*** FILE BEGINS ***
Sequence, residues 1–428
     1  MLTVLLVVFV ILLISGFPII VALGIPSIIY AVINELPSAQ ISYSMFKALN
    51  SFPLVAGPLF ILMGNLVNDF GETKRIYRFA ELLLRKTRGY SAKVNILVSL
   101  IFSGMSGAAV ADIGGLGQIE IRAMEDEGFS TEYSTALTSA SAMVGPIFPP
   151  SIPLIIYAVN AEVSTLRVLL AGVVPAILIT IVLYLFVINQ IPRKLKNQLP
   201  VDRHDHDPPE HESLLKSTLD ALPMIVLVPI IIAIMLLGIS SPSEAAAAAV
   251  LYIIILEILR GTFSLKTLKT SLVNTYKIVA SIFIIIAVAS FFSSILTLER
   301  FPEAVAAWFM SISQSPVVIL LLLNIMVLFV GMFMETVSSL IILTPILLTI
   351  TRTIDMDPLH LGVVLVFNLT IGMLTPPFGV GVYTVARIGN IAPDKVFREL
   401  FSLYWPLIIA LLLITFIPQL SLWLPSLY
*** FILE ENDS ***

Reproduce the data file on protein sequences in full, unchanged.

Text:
Sequence, residues 1–428
     1  MLTVLLVVFV ILLISGFPII VALGIPSIIY AVINELPSAQ ISYSMFKALN
    51  SFPLVAGPLF ILMGNLVNDF GETKRIYRFA ELLLRKTRGY SAKVNILVSL
   101  IFSGMSGAAV ADIGGLGQIE IRAMEDEGFS TEYSTALTSA SAMVGPIFPP
   151  SIPLIIYAVN AEVSTLRVLL AGVVPAILIT IVLYLFVINQ IPRKLKNQLP
   201  VDRHDHDPPE HESLLKSTLD ALPMIVLVPI IIAIMLLGIS SPSEAAAAAV
   251  LYIIILEILR GTFSLKTLKT SLVNTYKIVA SIFIIIAVAS FFSSILTLER
   301  FPEAVAAWFM SISQSPVVIL LLLNIMVLFV GMFMETVSSL IILTPILLTI
   351  TRTIDMDPLH LGVVLVFNLT IGMLTPPFGV GVYTVARIGN IAPDKVFREL
   401  FSLYWPLIIA LLLITFIPQL SLWLPSLY